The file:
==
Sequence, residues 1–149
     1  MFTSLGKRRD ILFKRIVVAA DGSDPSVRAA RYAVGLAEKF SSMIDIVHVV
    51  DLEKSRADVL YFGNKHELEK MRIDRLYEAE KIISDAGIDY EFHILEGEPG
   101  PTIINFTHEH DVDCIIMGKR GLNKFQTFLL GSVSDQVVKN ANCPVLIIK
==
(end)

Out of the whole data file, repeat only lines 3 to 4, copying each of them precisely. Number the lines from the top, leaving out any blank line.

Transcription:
    51  DLEKSRADVL YFGNKHELEK MRIDRLYEAE KIISDAGIDY EFHILEGEPG
   101  PTIINFTHEH DVDCIIMGKR GLNKFQTFLL GSVSDQVVKN ANCPVLIIK